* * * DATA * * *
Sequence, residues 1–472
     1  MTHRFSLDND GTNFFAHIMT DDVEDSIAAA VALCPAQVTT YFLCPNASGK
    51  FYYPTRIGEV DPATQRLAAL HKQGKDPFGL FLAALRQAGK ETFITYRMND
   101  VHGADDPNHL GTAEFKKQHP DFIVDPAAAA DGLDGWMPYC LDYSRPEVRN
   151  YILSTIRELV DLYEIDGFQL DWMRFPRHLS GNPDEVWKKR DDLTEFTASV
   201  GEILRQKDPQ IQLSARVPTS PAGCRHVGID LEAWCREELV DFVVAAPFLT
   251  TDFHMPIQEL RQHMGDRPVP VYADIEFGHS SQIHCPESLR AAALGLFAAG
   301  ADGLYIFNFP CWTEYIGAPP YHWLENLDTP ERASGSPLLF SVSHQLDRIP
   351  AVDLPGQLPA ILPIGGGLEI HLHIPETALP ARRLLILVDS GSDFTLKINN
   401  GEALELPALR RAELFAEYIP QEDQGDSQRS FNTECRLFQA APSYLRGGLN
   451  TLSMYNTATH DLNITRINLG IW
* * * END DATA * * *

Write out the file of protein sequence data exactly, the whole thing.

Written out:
Sequence, residues 1–472
     1  MTHRFSLDND GTNFFAHIMT DDVEDSIAAA VALCPAQVTT YFLCPNASGK
    51  FYYPTRIGEV DPATQRLAAL HKQGKDPFGL FLAALRQAGK ETFITYRMND
   101  VHGADDPNHL GTAEFKKQHP DFIVDPAAAA DGLDGWMPYC LDYSRPEVRN
   151  YILSTIRELV DLYEIDGFQL DWMRFPRHLS GNPDEVWKKR DDLTEFTASV
   201  GEILRQKDPQ IQLSARVPTS PAGCRHVGID LEAWCREELV DFVVAAPFLT
   251  TDFHMPIQEL RQHMGDRPVP VYADIEFGHS SQIHCPESLR AAALGLFAAG
   301  ADGLYIFNFP CWTEYIGAPP YHWLENLDTP ERASGSPLLF SVSHQLDRIP
   351  AVDLPGQLPA ILPIGGGLEI HLHIPETALP ARRLLILVDS GSDFTLKINN
   401  GEALELPALR RAELFAEYIP QEDQGDSQRS FNTECRLFQA APSYLRGGLN
   451  TLSMYNTATH DLNITRINLG IW